The world’s first successfully cloned endangered Przewalski’s horse (Equus przewalskii) was born on August 6, 2020. Revive & Restore, San Diego Zoo Global (SDZG), and ViaGen Equine collaborated to clone from a cell line of a genetically important stallion that had been cryopreserved since 1980 at the SDZG Frozen Zoo. This groundbreaking achievement was conceived as a new strategy to help restore genetic diversity to the Przewalski’s horse species.
Cloning For Conservation: Now a portion of this lost genetic diversity may be recovered by cloning historic Przewalski’s horse from frozen cells. Successful breeding can increase genetic diversity by reintroducing lost variants to the surviving population. This is the hope for the new foal, Kurt, who was cloned from cells that had been cryopreserved at the SDZG Frozen Zoo in 1980. These were cells from a stallion that was born in 1975 in the UK, was transferred to the US in 1978, and lived until 1998. He was recorded as Stud Book number 615 (SB615) and known as “Kuporovic” by his zookeepers. Learn more about this cloning process.
The SB615 cell line was chosen for genetic rescue cloning because an analysis of the captive breeding pedigree revealed that the genome offers substantially more genetic variation than any living Przewalski’s horse. Now that the genetic variation from Kuporovic “lives” again in Kurt, Kurt may become the most important horse in the North American captive breeding population. He may also become the first cloned animal to restore lost genetic variation to its species.
“A Single Gene Causes Thelytokous Parthenogenesis, the Defining Feature of the Cape Honeybee Apis Mellifera Capensis”, Yagound et al 2020
2020-yagound.pdf: “A Single Gene Causes Thelytokous Parthenogenesis, the Defining Feature of the Cape Honeybee Apis mellifera capensis”, (2020-05-07; similar):
In honeybees, the ability of workers to produce daughters asexually, ie., thelytokous parthenogenesis, is restricted to a single subspecies inhabiting the Cape region of South Africa, Apis mellifera capensis. Thelytoky has unleashed new selective pressures and the evolution of traits such as social parasitism, invasiveness, and social cancer. Thelytoky arises from an abnormal meiosis that results in the fusion of two maternal pronuclei, restoring diploidy in newly laid eggs. The genetic basis underlying thelytoky is disputed. To resolve this controversy, we generated a backcross between thelytokous A. m. capensis and non-thelytokous A. m. scutellata from the neighboring population and looked for evidence of genetic markers that co-segregated with thelytokous reproduction in 49 backcross females. We found that markers associated with the gene GB45239 on chromosome 11, including non-synonymous variants, showed consistent co-segregation with thelytoky, whereas no other region did so. Alleles associated with thelytoky were present in all A. m. capensis genomes examined but were absent from all other honeybees worldwide including A. m. scutellata. GB45239 is derived in A. m. capensis and has a putative role in chromosome segregation. It is expressed in ovaries and is downregulated in thelytokous bees, likely because of polymorphisms in the promoter region. Our study reveals how mutations affecting the sequence and/or expression of a single gene can change the reproductive mode of a population.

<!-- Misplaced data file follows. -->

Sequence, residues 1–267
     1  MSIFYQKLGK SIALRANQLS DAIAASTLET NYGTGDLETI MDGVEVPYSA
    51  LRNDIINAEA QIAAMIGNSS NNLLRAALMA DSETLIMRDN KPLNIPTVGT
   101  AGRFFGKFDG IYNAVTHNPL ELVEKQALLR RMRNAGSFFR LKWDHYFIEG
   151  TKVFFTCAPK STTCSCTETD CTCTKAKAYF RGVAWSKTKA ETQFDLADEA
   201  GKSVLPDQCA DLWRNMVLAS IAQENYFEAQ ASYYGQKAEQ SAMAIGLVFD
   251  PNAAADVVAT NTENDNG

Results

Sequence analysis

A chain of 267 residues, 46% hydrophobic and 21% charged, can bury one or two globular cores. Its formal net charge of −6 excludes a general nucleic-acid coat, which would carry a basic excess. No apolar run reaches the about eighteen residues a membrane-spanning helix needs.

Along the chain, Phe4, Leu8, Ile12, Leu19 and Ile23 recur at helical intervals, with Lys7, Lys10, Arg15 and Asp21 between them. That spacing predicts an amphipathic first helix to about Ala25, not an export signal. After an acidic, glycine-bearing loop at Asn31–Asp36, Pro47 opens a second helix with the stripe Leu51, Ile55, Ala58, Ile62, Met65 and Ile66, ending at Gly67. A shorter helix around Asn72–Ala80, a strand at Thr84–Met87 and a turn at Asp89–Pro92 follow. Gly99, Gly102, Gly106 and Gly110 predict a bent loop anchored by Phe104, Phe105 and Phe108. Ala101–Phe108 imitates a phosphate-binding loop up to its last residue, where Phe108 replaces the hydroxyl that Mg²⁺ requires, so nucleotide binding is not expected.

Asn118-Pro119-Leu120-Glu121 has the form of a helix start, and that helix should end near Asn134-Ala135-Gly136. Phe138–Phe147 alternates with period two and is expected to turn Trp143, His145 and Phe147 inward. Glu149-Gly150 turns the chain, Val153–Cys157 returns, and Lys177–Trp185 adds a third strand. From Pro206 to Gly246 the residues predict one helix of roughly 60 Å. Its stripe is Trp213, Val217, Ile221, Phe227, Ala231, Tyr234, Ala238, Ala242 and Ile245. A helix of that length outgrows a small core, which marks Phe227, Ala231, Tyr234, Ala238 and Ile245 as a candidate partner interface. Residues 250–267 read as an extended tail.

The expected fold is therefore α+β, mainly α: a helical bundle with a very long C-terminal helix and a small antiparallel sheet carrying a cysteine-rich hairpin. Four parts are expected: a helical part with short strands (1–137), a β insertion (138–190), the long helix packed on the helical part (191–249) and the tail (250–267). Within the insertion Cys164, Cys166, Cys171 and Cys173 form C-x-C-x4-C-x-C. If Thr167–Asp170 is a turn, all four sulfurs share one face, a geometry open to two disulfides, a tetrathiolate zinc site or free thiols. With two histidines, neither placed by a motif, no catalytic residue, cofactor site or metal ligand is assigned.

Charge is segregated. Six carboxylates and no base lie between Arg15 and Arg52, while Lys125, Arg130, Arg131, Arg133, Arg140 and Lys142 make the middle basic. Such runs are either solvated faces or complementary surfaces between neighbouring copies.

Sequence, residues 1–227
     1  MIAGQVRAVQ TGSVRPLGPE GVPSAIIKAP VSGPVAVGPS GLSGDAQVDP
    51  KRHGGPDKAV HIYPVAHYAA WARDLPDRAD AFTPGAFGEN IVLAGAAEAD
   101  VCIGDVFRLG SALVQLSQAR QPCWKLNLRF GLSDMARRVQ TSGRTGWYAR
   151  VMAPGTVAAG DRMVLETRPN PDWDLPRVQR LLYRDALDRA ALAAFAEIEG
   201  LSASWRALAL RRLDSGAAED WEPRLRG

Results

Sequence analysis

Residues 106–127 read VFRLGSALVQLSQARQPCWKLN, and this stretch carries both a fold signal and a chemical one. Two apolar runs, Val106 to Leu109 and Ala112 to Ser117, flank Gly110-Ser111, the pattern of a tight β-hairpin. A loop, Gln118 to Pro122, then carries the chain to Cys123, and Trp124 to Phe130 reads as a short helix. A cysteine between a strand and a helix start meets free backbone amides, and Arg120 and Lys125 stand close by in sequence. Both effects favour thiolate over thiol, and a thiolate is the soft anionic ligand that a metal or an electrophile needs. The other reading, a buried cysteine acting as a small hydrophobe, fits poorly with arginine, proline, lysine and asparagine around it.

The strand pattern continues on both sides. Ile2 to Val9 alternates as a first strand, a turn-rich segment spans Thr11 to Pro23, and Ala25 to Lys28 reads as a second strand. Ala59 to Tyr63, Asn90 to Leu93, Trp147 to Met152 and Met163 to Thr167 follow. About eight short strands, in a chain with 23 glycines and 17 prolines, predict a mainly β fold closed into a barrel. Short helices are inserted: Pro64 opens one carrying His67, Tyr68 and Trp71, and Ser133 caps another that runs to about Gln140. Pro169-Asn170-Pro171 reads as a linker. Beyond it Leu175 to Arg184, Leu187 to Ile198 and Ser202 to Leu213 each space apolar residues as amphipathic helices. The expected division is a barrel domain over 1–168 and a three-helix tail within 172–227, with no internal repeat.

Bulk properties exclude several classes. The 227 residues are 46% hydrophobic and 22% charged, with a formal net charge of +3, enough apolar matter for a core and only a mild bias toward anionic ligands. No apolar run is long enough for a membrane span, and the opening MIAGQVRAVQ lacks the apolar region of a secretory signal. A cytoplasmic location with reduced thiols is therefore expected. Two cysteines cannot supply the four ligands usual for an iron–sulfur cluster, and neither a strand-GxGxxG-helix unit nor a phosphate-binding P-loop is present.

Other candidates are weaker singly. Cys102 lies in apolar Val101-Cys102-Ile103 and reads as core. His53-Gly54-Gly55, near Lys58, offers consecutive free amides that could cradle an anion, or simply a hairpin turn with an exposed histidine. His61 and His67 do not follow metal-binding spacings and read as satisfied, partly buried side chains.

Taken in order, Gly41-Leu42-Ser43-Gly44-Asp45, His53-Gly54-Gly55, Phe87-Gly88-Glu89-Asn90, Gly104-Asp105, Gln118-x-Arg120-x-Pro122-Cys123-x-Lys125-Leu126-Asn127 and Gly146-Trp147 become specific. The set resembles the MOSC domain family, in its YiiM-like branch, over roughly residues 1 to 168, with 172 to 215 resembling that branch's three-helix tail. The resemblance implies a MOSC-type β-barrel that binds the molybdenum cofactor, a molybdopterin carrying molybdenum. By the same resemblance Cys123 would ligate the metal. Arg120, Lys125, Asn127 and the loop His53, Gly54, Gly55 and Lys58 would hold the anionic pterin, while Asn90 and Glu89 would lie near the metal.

[Keywords: thelytoky, honeybee, meiosis, reproductive mode]
“CC, world’s first cloned cat, turns 18 years old”, (2020-01-02; ; ; similar):
The first of her kind, CC the cloned cat is breaking more boundaries as she turns 18 years old. There are no big plans locally to mark the day, but CC—Carbon Copy or Copy Cat—will be the focus of a Dutch cartoon set for release today to celebrate her birthday, researcher and owner Duane Kraemer said.
…CC is not only enjoying life as the Kraemers’ pet, but she has her own condo called the “kitty house” behind the Kraemers’ house where she lives with her three offspring, sired by a cat named Smokey. Those offspring, just by existing, helped CC make headlines in the scientific community. There had not been much research done in the reproduction success of clones—and none had been done with a cat. Tim, Zip and Tess were born Sept. 1, 2006, along with a fourth kitten that was stillborn. Not knowing CC’s reaction would be to her kittens, Kraemer said, they found CC was “the perfect mother” and had the innate maternal instincts they were hoping she would exhibit. Besides proving clones can successfully reproduce, CC also proved not all clones die young. “Dolly the sheep, that was the first of the mammals to be cloned by nuclear transfer, had died at, I think, at 6 years of age”, Kraemer said. “So the fact that CC didn’t die young was news.” About 20% of cloned animals have developmental abnormalities of some kind, he said, with some being serious enough to result in the animal’s death at a young age or at birth. However, the other 80% born without those conditions “would probably live to a normal variation of ages.”
“The transcriptional legacy of developmental stochasticity”, (2019-12-12; similar):
Genetic variation, epigenetic regulation and major environmental stimuli are key contributors to phenotypic variation, but the influence of minor perturbations or “noise” has been difficult to assess in mammals. In this work, we uncover one major axis of random variation with a large and permanent influence: developmental stochasticity. By assaying the transcriptome of wild monozygotic quadruplets of the nine-banded armadillo, we find that persistent changes occur early in development, and these give rise to clear transcriptional signatures which uniquely characterize individuals relative to siblings. Comparing these results to human twins, we find the transcriptional signatures which define individuals exhibit conserved co-expression, suggesting a substantial fraction of phenotypic and disease discordance within mammals arises from developmental stochasticity.